If you managed to make it to the end of my last post, you may be wondering how things ended up with Noah. Let’s start with Eli’s milestone.
Celebrating a Milestone
A common event in many children’s hospitals when a child has completed their cancer treatment is a bell ringing celebration. Eli officially finished his 42 week treatment protocol with cancer in remission on September 4th. At least, that is the date he had his last EOT scan.
If you are the type to note that from the date of his first chemotherapy treatment, November 2, 2018, to September 4, 2019 is more than 42 weeks, you would be right. It’s almost 44 weeks, which is actually pretty amazing. When he was inpatient for his first treatment, the nurses said almost all kids have delays in their chemo regimen due to low blood counts. I remember the doctor telling us that Eli could only receive his chemo when certain blood levels were above specific amounts. Eli’s levels were always high enough to receive his chemotherapy on time, every time. His ANC only dropped to 0 once, but recovered within the hoped for time frame (Absolute Neutrafil Count is one of the numbers they look at). Eli’s only delay was for surgery.
Since EOT scans were rather stressful, we just slid into the maintenance chemo routine before I got around to scheduling the bell ringing. A number of the inpatient staff came out to participate. A poem was read.
The bell was rung.
The family celebrated.
Most of Eli’s chemo was outpatient, so most of the inpatient staff didn’t have a chance to meet Eli, but we still recognized a few faces.
You might wonder why we celebrated his end of treatment since Eli is still doing chemo. Each cancer has its own treatment protocol and is subject to all the variations of each individual being treated. So when various cancer researchers want funding for their particular cancer, it’s because no one cancer treatment works for all cancers. There can also be multiple treatments for each type of cancer. In te case of Rhabdomyosarcoma, there are different protocols depending on risk level and subtype. There is even research being done for particular targets on tumor mutations. They are also continually tweaking the protocols to fine tune treatment to make it more effective.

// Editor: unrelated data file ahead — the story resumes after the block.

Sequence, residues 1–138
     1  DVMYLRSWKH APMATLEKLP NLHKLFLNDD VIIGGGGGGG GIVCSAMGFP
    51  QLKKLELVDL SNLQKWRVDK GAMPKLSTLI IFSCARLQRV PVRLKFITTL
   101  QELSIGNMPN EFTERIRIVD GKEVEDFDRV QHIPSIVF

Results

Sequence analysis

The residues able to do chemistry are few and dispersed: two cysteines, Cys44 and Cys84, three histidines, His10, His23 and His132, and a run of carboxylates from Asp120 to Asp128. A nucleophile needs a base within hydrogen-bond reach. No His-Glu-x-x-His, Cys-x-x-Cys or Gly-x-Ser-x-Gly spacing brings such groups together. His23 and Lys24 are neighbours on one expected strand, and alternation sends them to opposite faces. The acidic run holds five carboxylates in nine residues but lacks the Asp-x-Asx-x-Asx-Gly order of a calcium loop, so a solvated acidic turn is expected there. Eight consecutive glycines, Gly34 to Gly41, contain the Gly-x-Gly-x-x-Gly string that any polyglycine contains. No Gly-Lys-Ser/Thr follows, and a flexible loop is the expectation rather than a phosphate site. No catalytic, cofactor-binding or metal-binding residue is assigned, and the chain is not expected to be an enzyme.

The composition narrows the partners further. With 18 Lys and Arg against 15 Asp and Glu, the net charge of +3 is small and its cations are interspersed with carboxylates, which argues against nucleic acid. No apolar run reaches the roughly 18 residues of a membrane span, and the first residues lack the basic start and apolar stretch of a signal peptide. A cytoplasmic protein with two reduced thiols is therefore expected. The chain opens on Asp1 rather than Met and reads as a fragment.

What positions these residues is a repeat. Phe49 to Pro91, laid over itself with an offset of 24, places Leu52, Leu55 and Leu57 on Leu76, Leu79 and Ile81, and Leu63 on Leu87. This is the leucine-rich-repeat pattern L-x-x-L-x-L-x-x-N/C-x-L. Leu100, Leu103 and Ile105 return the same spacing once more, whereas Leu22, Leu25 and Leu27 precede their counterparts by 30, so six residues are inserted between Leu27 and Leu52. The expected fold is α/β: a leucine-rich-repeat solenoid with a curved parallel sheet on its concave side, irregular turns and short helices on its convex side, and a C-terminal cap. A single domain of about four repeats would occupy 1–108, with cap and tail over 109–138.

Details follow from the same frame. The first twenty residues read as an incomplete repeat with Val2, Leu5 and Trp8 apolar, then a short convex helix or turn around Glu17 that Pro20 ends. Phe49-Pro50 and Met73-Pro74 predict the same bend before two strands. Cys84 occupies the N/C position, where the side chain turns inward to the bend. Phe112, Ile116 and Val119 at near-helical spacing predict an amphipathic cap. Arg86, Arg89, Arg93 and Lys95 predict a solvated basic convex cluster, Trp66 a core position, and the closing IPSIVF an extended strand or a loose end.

Recent clinical trials in Europe have shown that following the main treatment regimen with maintenance chemo can reduce the relapse rate in some kids with Rhabdomyosarcoma. So now maintenance chemo is becoming the standard of care for some kids. His maintenance chemo is scheduled to continue for 6 months.
Will this keep cancer from returning in Eli? Who knows. The latest numbers, published just over a month ago, project his chances of survival in 5 years without relapse at 6% (known as EFS or Event Free Survival) or overall survival (OS), including with relapse(s), at 19%. So, while we don’t know if maintenance chemo will help, we hope it will. I don’t know whether Eli will be the 6%, which is what we’re going for, but it doesn’t hurt to try. After all, he’s made a great start.
Sometimes I Like Being Right
Well, the lump in Noah’s neck isn’t nothing, but it isn’t cancer (yay!). I really had a hard time waiting for Noah’s appointment with the ENT, but the day finally came yesterday. Eli had chemo before lunch, then Noah met with the ENT after lunch. Final results are pending an ultrasound, which I hope will be done this week, but preliminary diagnosis is Thyroglossal duct cyst or Dermoid cyst. Surgery is scheduled for November (Noah will stay overnight). There is also a chance that it’s his thyroid, in which case they’ll give meds to reduce the size and and no surgery will be necessary.